West Elm has launched a new local assortment at the Fenway store in Boston, showcasing a small selection of stand-out Boston-area artisans. Boston is one of six markets for which West Elm chose to do this. Introducing local is part of West Elm’s larger commitment to its stores’ communities. The goal is to grow each store’s local offerings significantly; they are actively sourcing potential partners. (You can even send suggestions to email@example.com.)
The eight Massachusetts makers are Jennifer Hill of J.Hill Design, Shannon Wallack of Shanman Clay Co., Culinarium Kitchenware, Jessica Harrington of Re-Studios, Cara Taylor of Taylor Ceramics, Whitney Elizabeth of Whitney Somerville, Alice Saunders of Forest Bound, and Brian Johnson of The Uncommon Green.
The Fenway store is hosting a launch party from 6-8 p.m. on Thursday, May 1. In the meantime, here’s a sampling of their work.
J. Hill Design
Jennifer Hill’s modern travel posters highlight Boston pride and celebrate local sports teams. And she doesn’t just sit and her studio and design, she actually goes places. Choose from ready-made prints or commission one.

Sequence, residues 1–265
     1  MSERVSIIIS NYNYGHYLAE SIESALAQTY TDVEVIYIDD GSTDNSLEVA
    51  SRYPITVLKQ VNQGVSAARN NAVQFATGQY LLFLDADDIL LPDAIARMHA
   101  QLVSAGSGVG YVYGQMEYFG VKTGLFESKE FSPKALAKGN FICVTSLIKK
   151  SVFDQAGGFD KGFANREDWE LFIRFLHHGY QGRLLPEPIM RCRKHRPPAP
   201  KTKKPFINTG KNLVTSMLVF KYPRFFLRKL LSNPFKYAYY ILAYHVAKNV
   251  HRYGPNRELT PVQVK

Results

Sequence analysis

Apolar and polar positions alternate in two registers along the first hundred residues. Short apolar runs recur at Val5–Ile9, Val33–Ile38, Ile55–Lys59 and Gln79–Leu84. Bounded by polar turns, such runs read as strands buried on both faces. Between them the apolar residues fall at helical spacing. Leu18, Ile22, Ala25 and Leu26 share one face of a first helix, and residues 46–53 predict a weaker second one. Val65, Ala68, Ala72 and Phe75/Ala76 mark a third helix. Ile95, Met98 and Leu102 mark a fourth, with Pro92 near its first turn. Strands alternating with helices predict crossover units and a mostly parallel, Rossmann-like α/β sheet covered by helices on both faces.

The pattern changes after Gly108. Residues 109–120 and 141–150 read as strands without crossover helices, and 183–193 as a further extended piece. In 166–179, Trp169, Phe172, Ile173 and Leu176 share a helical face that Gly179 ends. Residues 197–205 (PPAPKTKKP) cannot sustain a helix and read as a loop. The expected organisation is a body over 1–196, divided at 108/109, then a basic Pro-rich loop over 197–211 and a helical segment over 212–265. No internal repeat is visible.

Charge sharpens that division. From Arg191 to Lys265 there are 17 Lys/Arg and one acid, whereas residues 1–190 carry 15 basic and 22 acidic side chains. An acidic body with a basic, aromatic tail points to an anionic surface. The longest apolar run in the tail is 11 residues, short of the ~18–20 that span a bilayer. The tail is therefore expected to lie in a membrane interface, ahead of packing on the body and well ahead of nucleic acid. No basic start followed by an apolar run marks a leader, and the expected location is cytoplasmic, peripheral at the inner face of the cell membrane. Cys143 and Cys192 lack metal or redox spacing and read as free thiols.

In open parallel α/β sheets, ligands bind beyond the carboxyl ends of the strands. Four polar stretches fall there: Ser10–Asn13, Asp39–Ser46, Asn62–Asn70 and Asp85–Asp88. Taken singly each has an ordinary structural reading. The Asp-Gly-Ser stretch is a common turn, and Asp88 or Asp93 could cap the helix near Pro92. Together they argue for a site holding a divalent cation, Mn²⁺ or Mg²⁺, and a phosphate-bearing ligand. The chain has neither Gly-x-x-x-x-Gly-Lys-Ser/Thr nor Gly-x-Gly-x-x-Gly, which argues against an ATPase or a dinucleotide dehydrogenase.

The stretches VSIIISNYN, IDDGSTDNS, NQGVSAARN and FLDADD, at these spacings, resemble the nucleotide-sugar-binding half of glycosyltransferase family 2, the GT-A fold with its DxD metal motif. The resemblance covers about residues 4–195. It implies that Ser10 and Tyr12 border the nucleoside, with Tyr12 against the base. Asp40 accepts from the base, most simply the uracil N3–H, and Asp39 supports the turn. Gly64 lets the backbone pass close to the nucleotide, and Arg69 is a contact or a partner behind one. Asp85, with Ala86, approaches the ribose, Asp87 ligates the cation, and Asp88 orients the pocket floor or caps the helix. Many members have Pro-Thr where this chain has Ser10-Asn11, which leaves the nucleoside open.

Shanman Clay Co.
Mud slinger Shannon Wallack makes playful ceramic geo-shaped planters adorned with colorful, multidimensional glazes.
This Plum Island company hand-crafts concrete kitchenware with eco-friendly materials, like concrete, recycled marble dust, rubber, and cork.
Boston-based interior designer Jessica Harrington makes art prints depicting bold images of iconic Boston landmarks and geography are created with typography.
Functional wares combine a love of gardening and floral design in a line of hand-built and wheel-thrown vessels for plants and flowers. Handmade by Cara Taylor at Celadon Studio in downtown Northampton.
Boston-based surface designer Whitney Elizabeth creates textiles for home, fashion, and baby, made from natural fibers including cotton, linen, silk, and water-based inks.
Alice Saunders, a Boston-based designer, puts great effort into hunting for well-worn historic fabrics and hardware throughout New England. She uses exclusively found and salvaged textiles for her utilitarian tote bags.
The Uncommon Green
Street maps glassware meld artistry with functionality, practicality with wit, and style with sustainability. They do custom pieces too.
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